Medieval Guilds

Medieval Guilds

Medieval guilds were very important within medieval towns as they made attempts to guarantee craft standards within England.

Skilled craftsmen from the same trade could potentially group themselves into a guild, which would ensure any item made by a member of the guild was of the expected standard and sold for a reasonable price. Being a member of a guild was seen as a high ranking as it showed you were a talented worker and were respected in society.

A medieval baker with his apprentice. The Bodleian Library, Oxford
A medieval baker with his apprentice. The Bodleian Library, Oxford

Several guild members were picked to make sure other members were performing to standards - any members found to be cheating would be fined or required to work again at their own cost. The most severe punishment was to be expelled from a guild - this meant you could not trade in your town anymore.

Guilds would also look after their members if they were ill and helped the families of guild members who had died.

Guild apprentices could be hired from age 12 and were taught a trade by one of the guild members, who would expect payment from the boy’s parents. Apprentices would live with his master for up to 14 years, as the guild member had promised to ensure the boy was well taught which could take a long time. Apprentices were not allowed to get married or visit an inn during their training.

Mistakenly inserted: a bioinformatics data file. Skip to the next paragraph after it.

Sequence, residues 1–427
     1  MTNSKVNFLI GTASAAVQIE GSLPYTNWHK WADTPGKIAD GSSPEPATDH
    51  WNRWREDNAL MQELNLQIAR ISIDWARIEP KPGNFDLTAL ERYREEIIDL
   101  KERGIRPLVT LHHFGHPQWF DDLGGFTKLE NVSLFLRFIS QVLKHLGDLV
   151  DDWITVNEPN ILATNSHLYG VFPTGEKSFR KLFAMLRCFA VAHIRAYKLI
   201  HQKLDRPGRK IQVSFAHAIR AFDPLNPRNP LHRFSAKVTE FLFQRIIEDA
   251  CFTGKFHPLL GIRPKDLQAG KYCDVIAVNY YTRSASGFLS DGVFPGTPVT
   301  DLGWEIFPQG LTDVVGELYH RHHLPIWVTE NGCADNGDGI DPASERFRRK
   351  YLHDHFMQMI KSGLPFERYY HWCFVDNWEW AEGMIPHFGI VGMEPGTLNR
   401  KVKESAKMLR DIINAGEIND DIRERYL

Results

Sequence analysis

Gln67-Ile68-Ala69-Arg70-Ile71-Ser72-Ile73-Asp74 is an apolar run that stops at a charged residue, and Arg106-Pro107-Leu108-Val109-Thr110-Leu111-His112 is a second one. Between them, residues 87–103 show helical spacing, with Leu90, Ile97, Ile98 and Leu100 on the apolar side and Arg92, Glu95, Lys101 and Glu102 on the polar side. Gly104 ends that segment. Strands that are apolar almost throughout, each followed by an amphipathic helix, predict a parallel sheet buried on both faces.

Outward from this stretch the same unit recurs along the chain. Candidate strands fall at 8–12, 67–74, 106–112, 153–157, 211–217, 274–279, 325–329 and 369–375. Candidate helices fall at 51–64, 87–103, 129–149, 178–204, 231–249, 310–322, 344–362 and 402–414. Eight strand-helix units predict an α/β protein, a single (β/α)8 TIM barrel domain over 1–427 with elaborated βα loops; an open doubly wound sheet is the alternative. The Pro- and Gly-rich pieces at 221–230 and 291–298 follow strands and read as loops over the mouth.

After an apprenticeship had finished, boys usually became journeymen. They would be paid and could start up their own business once enough money had been saved.

Only guild members could sell within a town as it was supposed to maintain quality standards. Yet anyone could sell their goods on market days regardless of whether or not they were skilled. Each year a fair would draw people from different parts of the population including the not so popular areas.

See also: Medieval Towns

MLA Citation/Reference

"Medieval Guilds". 2015. Web.